Colorado’s business climate has taken a nosedive over the past decade or so, with Colorado staples like Frontier Airlines, Qwest CenturyLink, and First Data leaving the area for greener pastures.  Big government apologists have tried to explain the disappearing opportunity companies by blaming everything but Colorado’s rising cost of regulation.  Two Colorado Springs entrepreneurs may be learning about this regulation firsthand.

On August 31, the city of Colorado Springs discontinued the Front Range Express (FREX), a bus service operating between Denver and Colorado Springs, to save the $425,000 required from the Colorado Springs budget to keep the service running through the end of 2012.  According to the Colorado Springs Gazette, the dynamic duo, Dan Ajamian and Sean Meenan, have formed “New FREX” and are seeking investors and/or bank loans to cover start-up expenses and to purchase the 57-passenger buses needed to launch the venture.  The two believe they can improve upon the old FREX business model:

“Ajamian believes New FREX can operate the service profitably if it reduces the  number of daily round trips from the 16 throughout the day that the city’s  Transit Division had been operating to four trips during peak commuting periods,  while increasing fares between $1 and $2.50 per trip. He and Meenan hope to hire  back many of the drivers who operated the city-owned FREX service, make the same  stops in Colorado Springs, Monument and the Denver area and offer high-speed  Internet access to passengers.”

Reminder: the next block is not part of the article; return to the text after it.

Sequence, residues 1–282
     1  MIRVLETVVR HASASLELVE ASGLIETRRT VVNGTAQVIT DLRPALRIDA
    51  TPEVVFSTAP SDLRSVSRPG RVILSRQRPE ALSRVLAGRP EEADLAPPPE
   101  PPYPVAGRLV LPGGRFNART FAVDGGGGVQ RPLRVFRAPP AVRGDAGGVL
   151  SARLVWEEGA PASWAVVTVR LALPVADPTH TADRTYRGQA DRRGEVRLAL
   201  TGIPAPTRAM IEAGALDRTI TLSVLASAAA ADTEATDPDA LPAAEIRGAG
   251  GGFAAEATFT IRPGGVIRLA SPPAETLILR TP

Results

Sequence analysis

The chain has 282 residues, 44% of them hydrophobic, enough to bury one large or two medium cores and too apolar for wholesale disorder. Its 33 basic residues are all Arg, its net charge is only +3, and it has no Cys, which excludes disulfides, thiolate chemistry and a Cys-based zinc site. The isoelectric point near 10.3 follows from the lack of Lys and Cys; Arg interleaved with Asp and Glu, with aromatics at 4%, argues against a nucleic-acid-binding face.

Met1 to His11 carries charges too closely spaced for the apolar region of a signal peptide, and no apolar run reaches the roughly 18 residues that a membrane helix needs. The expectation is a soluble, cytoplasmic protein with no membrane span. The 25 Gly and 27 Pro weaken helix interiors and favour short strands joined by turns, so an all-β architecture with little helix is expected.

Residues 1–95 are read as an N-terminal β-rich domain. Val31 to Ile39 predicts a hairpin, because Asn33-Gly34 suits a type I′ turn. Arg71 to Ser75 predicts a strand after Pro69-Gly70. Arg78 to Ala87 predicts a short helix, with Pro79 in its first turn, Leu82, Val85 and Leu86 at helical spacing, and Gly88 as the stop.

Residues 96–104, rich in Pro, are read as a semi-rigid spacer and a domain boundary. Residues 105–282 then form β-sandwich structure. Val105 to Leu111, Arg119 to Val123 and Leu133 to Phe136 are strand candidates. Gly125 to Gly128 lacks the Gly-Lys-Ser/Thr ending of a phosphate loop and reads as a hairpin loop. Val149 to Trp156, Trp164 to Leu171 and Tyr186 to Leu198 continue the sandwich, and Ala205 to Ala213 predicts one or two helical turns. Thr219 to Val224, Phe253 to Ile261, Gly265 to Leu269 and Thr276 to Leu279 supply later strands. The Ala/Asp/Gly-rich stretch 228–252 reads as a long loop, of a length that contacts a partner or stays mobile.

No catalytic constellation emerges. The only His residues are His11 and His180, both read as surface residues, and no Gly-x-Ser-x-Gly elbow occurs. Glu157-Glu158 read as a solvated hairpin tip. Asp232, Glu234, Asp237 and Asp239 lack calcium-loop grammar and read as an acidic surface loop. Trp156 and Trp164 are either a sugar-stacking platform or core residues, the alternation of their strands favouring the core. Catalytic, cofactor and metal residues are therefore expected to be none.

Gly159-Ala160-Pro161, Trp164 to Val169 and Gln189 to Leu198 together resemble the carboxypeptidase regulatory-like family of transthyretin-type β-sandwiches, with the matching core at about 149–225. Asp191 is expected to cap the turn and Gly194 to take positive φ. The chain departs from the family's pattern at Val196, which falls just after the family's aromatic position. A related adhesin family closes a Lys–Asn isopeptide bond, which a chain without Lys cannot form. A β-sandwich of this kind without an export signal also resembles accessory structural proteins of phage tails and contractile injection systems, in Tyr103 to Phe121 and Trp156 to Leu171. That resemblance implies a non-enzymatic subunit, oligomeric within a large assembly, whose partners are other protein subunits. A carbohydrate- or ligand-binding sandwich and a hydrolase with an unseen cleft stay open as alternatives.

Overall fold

While the two believe they can run the venture more profitably than the government, now they must apply for a permit and wait for the Public Utilities Commission (PUC) to approve the proposed route.  The process could take up to seven months. If it’s not one government inefficiency, it’s another.   While the PUC has stated the two could request an emergency permit if it could show “an immediate and urgent need”, the 200 passengers who relied on FREX for their daily commute remain in limbo.  And, that’s to say nothing of the effect that a possible seven-month wait time could have on would-be investors in the project.  And, what about the drivers who may have been laid off?

To recap, we have an inefficient government service that has been discontinued, a company willing to step in and improve the process, but the government that couldn’t get it right the first time is now mucking up the process the second time?  No wonder our business climate is in Colorado.